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Enescu and the Music of the World Festival in Sinaia, Romania

Tuesday, 23 August 2011 , ora 13.03
The pianist Elisabeth Leonskaja was the soloist of the concert which took place on Thursday, 16th August 2011, during Enescu and the Music of the World Festival at Sinaia. Simona Tănascu chronicled the event and talked with the conductor Horia Andreescu as well as with the cellist Marin Cazacu, the festival's artistic director.

Sinaia, the Concert Hall of the Casino, the pianist Elisabeth Leonskaja and Romanian Sinfonietta Orchestra, conducted by Horia Andreescu; Concert for piano and orchestra by P.I. Tchaikovsky and Symphony No.9 From the New World by Antonín Dvoűák on the programme - these are the coordinates for the event which took place Thursday evening. Its true significance was that of a concert which proved the generosity, simplicity and modesty of great artists who come to welcome the new generation. I felt this generosity before I heard the first sound in Tchaikovsky's concerto, I saw it in the look Mrs. Leonskaja addressed to the young members of the orchestra. I could say that the famous pianist accompanied them for twenty-five minutes in the sound journey called Piano Concerto by Tchaikovsky.

«Elisabeth Leonskaja is a great artist who loves Romania. She came here knowing that she will perform such a difficult concert as Tchaikovsky's Piano Concerto No.1 with children and had that patience, that tenderness, that humour - when it was the case, that energy that she transmitted to the children. I am sure that this extraordinary model will remain in the memory of those who were present those two days of working with Elisabeth Leonskaja and on the stage that evening. » said the conductor Horia Andreescu about the collaboration between Romanian Sinfonietta Orchestra and Elisabeth Leonskaja.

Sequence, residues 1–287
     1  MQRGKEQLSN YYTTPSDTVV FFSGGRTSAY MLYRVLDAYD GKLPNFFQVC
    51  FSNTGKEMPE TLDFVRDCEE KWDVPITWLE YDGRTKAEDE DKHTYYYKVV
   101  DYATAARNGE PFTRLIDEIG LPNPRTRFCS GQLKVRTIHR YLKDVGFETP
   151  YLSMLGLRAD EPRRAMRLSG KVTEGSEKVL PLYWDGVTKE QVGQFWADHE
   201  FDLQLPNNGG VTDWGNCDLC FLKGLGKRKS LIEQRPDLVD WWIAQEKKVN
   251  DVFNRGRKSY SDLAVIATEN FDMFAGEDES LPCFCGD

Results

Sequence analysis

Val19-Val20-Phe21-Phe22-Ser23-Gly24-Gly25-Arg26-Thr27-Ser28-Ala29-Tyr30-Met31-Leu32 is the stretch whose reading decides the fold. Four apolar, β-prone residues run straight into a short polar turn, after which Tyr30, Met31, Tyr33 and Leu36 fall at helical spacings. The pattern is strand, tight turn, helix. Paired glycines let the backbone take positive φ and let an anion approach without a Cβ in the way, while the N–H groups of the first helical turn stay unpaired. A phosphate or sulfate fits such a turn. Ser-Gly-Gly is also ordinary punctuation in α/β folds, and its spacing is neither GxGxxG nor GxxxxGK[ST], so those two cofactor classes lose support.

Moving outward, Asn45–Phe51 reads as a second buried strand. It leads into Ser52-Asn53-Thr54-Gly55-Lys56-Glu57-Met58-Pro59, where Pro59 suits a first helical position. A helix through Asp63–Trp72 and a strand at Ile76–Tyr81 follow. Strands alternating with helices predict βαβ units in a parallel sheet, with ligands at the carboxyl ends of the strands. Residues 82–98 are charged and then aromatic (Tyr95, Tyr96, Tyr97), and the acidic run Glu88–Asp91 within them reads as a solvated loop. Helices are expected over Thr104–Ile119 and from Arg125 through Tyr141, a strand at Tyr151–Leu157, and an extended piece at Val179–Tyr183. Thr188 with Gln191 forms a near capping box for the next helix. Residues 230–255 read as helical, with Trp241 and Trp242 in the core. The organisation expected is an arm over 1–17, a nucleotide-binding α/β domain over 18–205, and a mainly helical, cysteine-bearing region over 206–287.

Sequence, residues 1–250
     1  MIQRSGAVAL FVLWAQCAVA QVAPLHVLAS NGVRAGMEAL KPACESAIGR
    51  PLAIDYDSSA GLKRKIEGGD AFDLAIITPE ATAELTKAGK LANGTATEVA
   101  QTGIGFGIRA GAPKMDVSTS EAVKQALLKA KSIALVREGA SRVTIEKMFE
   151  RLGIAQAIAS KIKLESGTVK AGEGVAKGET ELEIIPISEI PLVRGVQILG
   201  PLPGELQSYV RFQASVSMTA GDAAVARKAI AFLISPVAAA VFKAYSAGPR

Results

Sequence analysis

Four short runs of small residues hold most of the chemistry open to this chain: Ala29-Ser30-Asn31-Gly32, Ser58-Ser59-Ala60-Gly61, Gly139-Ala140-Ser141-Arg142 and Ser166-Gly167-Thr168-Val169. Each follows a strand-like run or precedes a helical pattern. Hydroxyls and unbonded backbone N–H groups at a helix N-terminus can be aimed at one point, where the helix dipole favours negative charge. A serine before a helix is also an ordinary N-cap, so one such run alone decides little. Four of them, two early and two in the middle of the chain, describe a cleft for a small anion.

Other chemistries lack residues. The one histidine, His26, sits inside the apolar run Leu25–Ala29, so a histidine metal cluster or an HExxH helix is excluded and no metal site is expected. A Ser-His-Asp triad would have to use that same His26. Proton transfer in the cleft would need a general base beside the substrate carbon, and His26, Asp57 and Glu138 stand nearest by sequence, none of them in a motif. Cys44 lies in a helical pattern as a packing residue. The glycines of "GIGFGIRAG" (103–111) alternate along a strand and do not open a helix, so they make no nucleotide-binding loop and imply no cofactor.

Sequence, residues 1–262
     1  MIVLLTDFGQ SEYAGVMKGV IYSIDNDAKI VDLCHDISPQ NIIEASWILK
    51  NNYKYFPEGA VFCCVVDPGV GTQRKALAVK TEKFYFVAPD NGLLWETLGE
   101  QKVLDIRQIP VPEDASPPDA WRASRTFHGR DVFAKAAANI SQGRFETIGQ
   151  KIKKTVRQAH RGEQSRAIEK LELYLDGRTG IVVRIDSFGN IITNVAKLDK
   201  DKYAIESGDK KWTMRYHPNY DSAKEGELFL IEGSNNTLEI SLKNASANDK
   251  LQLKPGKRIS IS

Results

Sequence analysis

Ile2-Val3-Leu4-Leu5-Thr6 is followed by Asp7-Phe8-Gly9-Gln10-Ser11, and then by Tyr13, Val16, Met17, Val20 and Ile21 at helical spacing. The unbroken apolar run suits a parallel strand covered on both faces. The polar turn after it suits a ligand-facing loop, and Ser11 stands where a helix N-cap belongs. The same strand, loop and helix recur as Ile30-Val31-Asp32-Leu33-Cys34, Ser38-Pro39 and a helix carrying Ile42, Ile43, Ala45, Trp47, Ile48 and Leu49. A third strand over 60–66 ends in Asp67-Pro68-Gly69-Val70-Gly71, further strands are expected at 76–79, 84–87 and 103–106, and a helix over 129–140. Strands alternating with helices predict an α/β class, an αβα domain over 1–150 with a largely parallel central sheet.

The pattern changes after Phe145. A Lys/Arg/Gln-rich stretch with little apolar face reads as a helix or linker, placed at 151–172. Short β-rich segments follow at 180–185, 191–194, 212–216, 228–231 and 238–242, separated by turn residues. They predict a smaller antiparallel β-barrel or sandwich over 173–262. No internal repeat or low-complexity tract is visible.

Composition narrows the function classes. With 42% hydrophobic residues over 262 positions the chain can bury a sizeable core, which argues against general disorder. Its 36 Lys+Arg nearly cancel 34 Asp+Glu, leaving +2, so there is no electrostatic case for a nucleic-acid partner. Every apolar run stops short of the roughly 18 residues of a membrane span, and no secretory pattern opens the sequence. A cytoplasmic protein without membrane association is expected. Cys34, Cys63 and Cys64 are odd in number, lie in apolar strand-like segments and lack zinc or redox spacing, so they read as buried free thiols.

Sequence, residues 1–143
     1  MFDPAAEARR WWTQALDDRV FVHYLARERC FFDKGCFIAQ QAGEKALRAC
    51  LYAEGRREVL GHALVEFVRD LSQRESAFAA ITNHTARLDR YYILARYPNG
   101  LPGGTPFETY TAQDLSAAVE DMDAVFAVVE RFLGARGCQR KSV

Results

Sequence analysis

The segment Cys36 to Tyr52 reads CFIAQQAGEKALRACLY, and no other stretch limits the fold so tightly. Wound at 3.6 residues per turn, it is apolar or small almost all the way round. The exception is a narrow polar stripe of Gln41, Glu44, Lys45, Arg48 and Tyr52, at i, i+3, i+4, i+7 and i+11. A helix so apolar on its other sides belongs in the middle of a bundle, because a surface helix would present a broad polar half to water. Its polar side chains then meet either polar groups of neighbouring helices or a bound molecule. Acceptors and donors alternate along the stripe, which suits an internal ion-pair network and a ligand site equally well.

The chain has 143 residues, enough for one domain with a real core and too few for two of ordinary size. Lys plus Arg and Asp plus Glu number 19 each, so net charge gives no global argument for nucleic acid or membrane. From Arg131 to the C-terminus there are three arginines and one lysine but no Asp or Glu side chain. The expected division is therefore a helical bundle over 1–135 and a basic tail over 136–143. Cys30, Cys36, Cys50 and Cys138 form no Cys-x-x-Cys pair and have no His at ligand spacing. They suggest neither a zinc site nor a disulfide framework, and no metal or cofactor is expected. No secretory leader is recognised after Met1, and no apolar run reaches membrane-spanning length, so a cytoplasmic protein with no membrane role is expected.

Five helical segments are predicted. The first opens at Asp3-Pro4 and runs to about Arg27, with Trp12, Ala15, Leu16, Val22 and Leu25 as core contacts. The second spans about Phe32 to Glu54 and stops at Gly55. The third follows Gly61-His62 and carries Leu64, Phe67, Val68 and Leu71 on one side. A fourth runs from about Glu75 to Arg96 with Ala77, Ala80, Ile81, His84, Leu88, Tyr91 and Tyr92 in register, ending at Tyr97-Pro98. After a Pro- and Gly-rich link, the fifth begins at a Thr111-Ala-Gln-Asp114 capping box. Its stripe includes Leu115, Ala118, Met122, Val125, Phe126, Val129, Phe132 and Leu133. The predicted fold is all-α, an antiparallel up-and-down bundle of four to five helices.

But here is what the famous pianist said about the meeting with the very young musicians: « I am very pleased to see that Romania's musical future is in good hands, and the feeling of playing with people who want to learn so much is incredible. These young people are devoted to music and love it so much, it is truly a present. »

Add Dvorak's Symphony No.9 to P.I. Tchaikovsky's concerto and you will have a whole. A whole in which Horia Andreescu made the young musicians discover...

'…the musical and spiritual harmonization, the understanding of the role, of the responsibility of that moment in the progress, in the evolution of a symphonic work, which means the excitement of the first big responsibility that each of them is taking, but particularly the ones who are in leading positions, of groups, especially of woodwind - there are many things that build the whole, up to understanding a conductor's concept, a work's concept, the message, the meaning of a work - it is their chance to start and understand early how they must act (some of them are only fifteen years old), how wonderful it is to accomplish this thing. From almost seventy, only twelve of them have started working, collaborating with professional orchestras from the country - only a few of them and not since a long time ago.'

Such an encounter between great maestros and the very young artists is an unique opportunity, and we can say that the ones who were present in the Hall of the Casino in Sinaia were privileged. Elisabeth Leonskaja said about the audience: 'If there is something real happening on the stage, authentic music, the people in the audience forget about themselves and share our joy.'

'You have witnessed the enthusiasm of this kind audience, avid for an emotional burst, as it happened this evening', shared us the cellist Marin Cazacu.

All these could not have been possible if Enescu and the Music of the World Festival did not exist. When I was speaking about modesty, simplicity, and especially about generosity I did not refer only to Elisabeth Leonskaja and Horia Andreescu, but also to Marin Cazacu, cellist and artistic director of the festival. His faith in the strength and desire of the young generation of artists to find their way on the music path is what makes possible this, for now, unique festival in Romania. This is an example worth following.

What qualities should have those who are at the beginning of this troublesome path?

'To love people, to love musicians, to love music, to love Romania.' answered the cellist Marin Cazacu.

Simona Tănascu
Translated by Elena Enache and Mihaela Dănăcică
MTTLC, Bucharest University